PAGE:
No. 14 Wisconsin leaves no doubt in domination of Michigan

Jeff Potrykus
Milwaukee Journal Sentinel

The days of Michigan football treating Wisconsin like a freshman team appear to be over. 

Based on what transpired Saturday night in Ann Arbor, the roles have been reversed. 

The 14th-ranked Badgers, playing for the first time since the opener on Oct. 23 because of a COVID-19 outbreak in the program, dominated the Wolverines from start to finish in a 49-11 victory. 

Combined with their 35-14 victory over the Wolverines last season, the last two meetings have showcased the ability of Wisconsin coach Paul Chryst and his staff to prepare thoroughly and execute exquisitely. 

Wisconsin wide receiver Danny Davis III (7) runs the ball in for a touchdown against Michigan during the second half at Michigan Stadium. Mandatory Credit: Rick Osentoski-USA TODAY Sports

The margin of victory was the largest for the Badgers against the Wolverines. 

"I’m really proud of the way that everyone worked through what we have gone through," Chryst said. "It was great to get back.

"I thought the coaches put together a heck of a plan and most important the players made it come to life. They did a nice job of starting fast." 

Wisconsin built a 28-0 halftime lead for the second consecutive season as the defense set up two early scores and then made a late goal-line stand with Michigan one yard away from pulling within three scores. 

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Chryst and his players had to move past two cancellations and wait 22 days to play their second game. 

Interceptions by safety Scott Nelson and linebacker Leo Chenal set up the first two scores by the Badgers and a 14-0 lead with 6 minutes, 8 seconds remaining in the first quarter. 

The offense, getting contributions from up and down the lineup, parlayed that quick start into touchdown drives of 60 and 74 yards for the 28-0 lead and the Wolverines finished the half with 94 total yards. 

Next up for Wisconsin is a critical road game against unbeaten Northwestern, a 27-20 winner over Purdue earlier Saturday. 

Michigan suffered its third consecutive loss and could be headed for its worst season under Jim Harbaugh, who was fortunate only family members were allowed in Michigan Stadium.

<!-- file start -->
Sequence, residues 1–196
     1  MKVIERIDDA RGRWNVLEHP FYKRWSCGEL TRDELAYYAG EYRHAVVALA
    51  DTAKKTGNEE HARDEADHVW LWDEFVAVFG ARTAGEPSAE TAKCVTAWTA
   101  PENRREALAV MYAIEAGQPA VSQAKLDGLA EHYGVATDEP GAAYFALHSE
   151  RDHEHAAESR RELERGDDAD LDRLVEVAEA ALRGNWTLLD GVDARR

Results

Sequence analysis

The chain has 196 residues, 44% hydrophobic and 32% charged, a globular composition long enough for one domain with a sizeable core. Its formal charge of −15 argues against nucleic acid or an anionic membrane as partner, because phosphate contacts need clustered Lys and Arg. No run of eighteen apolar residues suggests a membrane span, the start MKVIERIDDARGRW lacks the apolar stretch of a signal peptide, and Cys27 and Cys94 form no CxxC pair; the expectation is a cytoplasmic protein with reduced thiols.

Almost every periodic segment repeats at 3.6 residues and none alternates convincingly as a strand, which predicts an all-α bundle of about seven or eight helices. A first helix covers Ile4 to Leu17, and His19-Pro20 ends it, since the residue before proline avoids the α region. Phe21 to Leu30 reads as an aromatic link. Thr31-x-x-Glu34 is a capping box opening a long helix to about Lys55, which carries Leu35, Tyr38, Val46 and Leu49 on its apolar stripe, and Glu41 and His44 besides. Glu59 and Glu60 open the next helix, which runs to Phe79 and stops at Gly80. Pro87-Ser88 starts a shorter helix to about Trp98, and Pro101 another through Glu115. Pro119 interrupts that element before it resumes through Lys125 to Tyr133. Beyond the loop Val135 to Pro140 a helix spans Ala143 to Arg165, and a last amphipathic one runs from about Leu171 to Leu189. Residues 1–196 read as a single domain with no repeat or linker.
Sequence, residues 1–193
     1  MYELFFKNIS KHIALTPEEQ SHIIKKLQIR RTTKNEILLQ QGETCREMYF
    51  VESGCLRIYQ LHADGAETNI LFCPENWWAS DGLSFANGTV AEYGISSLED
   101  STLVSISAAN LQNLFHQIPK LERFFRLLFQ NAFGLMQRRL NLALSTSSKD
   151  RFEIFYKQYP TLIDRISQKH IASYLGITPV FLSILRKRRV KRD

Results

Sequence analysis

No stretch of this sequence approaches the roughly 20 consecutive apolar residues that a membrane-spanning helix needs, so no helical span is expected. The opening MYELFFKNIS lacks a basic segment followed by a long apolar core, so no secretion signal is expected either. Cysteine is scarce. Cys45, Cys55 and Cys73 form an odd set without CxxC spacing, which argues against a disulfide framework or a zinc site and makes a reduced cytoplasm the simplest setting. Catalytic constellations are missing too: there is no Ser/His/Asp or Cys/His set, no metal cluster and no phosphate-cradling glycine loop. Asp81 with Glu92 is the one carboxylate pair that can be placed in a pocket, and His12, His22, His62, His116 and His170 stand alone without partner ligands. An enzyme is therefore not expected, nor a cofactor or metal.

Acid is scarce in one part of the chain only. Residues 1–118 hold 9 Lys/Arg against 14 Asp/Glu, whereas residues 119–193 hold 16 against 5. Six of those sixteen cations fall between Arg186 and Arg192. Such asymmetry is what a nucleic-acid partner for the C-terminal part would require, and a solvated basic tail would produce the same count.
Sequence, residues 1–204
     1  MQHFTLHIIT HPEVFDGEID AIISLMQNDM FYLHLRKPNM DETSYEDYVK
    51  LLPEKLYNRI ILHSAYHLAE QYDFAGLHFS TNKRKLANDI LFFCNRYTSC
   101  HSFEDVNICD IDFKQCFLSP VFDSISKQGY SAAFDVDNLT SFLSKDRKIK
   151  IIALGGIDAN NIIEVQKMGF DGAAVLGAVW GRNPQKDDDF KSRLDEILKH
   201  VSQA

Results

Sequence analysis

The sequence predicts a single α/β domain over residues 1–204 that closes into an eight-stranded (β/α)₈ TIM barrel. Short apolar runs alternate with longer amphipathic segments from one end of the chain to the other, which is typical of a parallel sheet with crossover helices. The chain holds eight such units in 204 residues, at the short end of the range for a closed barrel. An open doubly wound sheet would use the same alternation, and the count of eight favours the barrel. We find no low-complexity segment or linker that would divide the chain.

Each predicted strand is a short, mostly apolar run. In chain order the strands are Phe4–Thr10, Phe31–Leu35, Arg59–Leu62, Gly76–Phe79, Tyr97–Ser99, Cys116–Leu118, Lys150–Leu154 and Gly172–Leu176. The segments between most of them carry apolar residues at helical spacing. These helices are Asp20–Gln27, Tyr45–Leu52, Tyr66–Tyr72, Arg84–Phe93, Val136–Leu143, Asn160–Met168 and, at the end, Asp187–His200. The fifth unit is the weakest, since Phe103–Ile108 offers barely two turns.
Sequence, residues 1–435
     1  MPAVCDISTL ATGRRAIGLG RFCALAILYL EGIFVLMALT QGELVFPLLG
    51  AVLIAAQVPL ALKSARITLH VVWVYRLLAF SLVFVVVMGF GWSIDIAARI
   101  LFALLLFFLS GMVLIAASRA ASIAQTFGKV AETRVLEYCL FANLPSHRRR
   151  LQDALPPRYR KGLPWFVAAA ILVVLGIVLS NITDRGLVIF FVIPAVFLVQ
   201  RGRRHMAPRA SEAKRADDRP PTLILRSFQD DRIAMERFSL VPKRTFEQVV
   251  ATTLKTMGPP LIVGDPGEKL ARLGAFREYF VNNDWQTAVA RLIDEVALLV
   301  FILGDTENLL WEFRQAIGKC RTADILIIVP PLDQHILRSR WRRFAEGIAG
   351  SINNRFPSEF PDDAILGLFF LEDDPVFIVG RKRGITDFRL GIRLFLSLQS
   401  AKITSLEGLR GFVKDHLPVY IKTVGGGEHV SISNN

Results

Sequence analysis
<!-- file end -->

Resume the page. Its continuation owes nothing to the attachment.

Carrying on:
The performance by the the Badgers was more impressive because they were without four potential starters and six other players. 

Wisconsin's status report did not list the reasons, but according to multiple people, tailback Garrett Groshek, defensive end Garrett Rand and offensive lineman Josh Seltzner were out because they had tested positive for coronavirus. Reserve quarterback Chase Wolf was also out for the same reason.

No matter. 

Nakia Watson rushed eight times for 40 yards and two touchdowns in the first half. Freshman wide receiver Chimere Dike had a 30-yard run to set up the first touchdown. He added a 10-yard catch to the Michigan 1, on third-and-7, to set up the second score.

Freshman tailback Jalen Berger rushed five times for 31 yards and added two receptions for 13 yards in the half. He added a 23-yard touchdown in the final quarter. Fullback Mason Stokke contributed a 1-yard touchdown catch and a 1-yard touchdown run. 

Quarterback Graham Mertz, who tested positive for coronavirus one day after the opener, was rusty early but appeared to settle in as the game progressed. Mertz started just 1-of-5 for 5 yards but finished the half 8-of-15 for 84 yards and a touchdown. He finished with 127 passing yards and two scores. 

"A lot of guys contributed and that is what we thought coming in," Chryst said, "that it was going to take everyone’s effort." 

The Wolverines opened the second half by driving from their 25 to the Wisconsin 28 but quarterback Joe Milton threw three consecutive incompletions and Michigan settled for a 46-yard field goal with 12:52 left in the quarter.

Each team added a touchdown, with reserve quarterback Cade McNamara sparking the Wolverines on a 75-yard drive for a touchdown and a two-point conversion to pull the Wolverines with 35-11 with three minutes left in the third quarter.

Wisconsin capitalized on a Michigan penalty (running into the punter) to fashion a 75-yard drive to push the lead to 42-11 in the final quarter.

The domination, which started in the opening quarter, was complete. 

"We were thoroughly beaten in every phase, really did not do anything well," Harbaugh said. "Did not play good, did not coach good. Not in a good place with the execution, not in a good place with adjusting...

"Not a good place as a football team right now, and that falls on me."